Ready.Set.Philly! Philadelphia launches its pitch to bring people back and revitalize the city
The new initiative announced on March 24 has its work cut out for returning the city to its pre-pandemic activity level for work and play.
With vaccine efforts ramping up across Philadelphia and the country, the city and the Chamber of Commerce for Greater Philadelphia unveiled their comeback plans for Philly’s hard-hit business community.
Ready.Set.Philly! is billed as the city’s pitch to the public for people to come back to Philadelphia to revitalize its small businesses and arts and culture scenes.
The initiative, which is one of many that is part of the Chamber of Commerce’s Recharge and Recover economic recovery plan for the region, was unveiled in a press conference on March 24, featuring Philadelphia Mayor Jim Kenney alongside some of the city’s leaders in finance and the business community.
“COVID-19 has changed our entire world, threatening the health of residents and the well-being of our city – including our small business owners, cultural institutions and hospitality industry,” said Kenney. “As we ramp up our vaccination efforts and look towards a ‘new normal’ for Philadelphia, the economic health and vitality of our community depends on restoring jobs and on residents, workers, and visitors coming back. Ready.Set.Philly! will provide a path forward that helps give people the confidence to return to the office, eat in local restaurants, and take in all the things that make our city great.”
Its organizers, which comprise some of the biggest names in corporate and government leadership, are using the initiative as a “mission control” for revitalization efforts.
- Working together and with partners outside of Philadelphia to create return-to-work plans
- Providing up-to-date information about vaccine distribution, things to do in downtown Philadelphia, public transit, safety, and returning to the workplace.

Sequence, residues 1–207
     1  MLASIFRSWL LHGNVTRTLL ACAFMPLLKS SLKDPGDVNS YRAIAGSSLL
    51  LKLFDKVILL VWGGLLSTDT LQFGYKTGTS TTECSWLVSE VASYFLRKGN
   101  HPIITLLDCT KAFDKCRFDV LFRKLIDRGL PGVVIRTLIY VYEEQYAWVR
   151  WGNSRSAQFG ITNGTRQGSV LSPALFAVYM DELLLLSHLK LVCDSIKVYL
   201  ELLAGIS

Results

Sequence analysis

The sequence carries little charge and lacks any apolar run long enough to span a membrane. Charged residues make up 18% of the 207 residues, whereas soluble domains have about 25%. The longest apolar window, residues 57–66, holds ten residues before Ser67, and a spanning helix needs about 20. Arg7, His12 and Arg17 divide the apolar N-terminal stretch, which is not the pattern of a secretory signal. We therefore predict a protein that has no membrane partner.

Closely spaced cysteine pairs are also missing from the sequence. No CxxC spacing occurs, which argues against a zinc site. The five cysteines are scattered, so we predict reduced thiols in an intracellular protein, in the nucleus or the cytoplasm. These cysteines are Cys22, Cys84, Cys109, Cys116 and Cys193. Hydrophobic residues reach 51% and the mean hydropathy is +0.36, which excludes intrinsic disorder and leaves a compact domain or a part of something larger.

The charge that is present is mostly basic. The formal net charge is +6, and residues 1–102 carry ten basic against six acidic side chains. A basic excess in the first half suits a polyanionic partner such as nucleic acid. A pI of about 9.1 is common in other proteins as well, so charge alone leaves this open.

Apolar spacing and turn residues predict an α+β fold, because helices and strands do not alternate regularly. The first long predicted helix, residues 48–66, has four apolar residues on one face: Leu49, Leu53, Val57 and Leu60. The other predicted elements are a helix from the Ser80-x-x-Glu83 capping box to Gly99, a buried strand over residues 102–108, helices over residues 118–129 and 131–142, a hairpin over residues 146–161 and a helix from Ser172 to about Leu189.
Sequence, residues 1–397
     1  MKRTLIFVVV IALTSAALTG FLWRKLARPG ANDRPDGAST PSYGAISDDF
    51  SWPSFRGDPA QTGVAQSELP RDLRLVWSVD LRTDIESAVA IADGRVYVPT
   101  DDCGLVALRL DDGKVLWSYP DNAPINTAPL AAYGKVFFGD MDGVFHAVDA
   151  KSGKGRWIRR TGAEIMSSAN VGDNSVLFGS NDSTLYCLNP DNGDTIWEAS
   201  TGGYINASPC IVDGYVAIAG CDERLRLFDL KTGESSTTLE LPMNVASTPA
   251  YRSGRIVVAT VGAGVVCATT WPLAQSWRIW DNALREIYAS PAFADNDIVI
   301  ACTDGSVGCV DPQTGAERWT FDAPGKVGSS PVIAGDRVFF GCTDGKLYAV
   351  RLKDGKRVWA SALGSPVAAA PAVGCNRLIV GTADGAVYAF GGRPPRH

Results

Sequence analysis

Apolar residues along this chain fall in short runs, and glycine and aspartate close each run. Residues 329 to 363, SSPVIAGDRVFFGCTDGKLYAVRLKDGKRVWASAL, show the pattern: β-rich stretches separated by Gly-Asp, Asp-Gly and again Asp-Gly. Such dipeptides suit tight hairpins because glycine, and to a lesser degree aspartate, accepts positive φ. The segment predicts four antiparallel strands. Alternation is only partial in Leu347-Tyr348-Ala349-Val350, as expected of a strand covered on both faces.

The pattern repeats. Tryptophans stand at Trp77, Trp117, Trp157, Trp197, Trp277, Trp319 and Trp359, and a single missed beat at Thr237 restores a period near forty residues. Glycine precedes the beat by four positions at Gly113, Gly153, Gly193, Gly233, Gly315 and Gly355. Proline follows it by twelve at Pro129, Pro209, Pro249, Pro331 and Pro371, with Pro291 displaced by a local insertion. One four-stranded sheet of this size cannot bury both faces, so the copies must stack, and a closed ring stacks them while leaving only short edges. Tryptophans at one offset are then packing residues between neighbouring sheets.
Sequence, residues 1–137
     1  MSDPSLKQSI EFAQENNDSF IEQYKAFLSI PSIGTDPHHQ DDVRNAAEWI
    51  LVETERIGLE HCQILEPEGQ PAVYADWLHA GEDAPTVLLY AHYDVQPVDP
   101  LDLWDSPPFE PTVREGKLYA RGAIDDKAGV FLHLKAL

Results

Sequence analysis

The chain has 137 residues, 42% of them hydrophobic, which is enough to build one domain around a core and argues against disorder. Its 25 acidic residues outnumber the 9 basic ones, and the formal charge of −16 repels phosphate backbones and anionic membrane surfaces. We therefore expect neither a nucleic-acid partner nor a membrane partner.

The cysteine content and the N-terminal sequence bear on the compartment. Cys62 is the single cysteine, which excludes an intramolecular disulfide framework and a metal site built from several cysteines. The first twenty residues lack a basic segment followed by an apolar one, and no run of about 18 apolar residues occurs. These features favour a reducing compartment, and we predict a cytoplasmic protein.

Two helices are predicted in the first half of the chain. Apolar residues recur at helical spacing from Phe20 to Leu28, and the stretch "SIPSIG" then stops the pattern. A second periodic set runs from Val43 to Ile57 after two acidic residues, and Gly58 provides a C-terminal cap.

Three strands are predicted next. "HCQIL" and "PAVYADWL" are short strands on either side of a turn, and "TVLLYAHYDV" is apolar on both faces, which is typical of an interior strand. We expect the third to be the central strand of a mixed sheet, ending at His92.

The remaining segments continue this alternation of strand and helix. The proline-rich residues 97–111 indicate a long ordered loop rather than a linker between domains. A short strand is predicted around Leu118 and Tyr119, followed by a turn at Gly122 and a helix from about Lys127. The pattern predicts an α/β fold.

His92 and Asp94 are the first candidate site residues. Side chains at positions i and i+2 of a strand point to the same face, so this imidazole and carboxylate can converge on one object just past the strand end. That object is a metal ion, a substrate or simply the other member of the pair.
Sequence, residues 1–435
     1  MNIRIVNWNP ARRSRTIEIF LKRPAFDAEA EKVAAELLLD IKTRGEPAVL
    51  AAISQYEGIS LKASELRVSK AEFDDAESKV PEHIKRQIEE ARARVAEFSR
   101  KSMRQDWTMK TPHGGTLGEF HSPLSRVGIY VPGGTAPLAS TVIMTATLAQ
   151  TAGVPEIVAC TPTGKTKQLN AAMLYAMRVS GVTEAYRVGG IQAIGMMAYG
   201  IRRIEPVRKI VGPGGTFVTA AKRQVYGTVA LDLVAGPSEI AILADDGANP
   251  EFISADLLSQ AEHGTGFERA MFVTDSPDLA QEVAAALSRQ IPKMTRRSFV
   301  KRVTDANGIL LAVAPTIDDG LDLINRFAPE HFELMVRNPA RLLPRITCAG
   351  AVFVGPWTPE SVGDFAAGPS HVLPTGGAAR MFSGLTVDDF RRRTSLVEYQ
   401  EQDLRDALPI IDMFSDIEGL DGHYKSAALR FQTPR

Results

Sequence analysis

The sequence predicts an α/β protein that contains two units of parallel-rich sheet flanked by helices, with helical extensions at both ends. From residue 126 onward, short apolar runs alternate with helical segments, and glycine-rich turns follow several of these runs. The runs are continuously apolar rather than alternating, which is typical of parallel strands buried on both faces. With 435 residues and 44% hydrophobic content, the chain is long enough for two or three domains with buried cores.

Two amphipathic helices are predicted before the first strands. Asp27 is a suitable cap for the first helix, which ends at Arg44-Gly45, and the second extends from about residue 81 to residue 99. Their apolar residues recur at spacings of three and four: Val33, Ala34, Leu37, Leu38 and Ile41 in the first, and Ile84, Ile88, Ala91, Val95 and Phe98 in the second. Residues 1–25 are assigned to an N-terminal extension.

- Supporting initiatives to safely increase indoor commerce and revitalize downtown Philadelphia.
- Coordinating with businesses to ensure the cleanliness and safety of public transit.
- Creating further campaigns to promote the safe return to Philadelphia.
According to Econsult Solutions, Inc., about 155,000 Philadelphia residents work in Center City, and overall earnings top $10 billion annually for them and those coming from the suburbs.
For those coming from different parts of the city, those earnings go back to the neighborhoods where the residents live, supporting further small businesses and commercial corridors.
Returning to somewhere close to $10 billion will be vital to achieving what Ready.Set.Philly! is setting out to do in bringing people back to the city.
That is also considering the city itself is staring down a $750 million budget gap for 2021 and a further $450 million for 2022.
Given no one in at least a century has faced coming out of an economic depression as a result of a global pandemic, leaders in Philadelphia are trying to be at the forefront of the national recovery.
“There’s no roadmap or blueprint for re-setting the economic and cultural ecosystem of a city after a global pandemic, so we’re out to create the model,” said Susan Jacobson, chair of the Chamber of Commerce of Greater Philadelphia.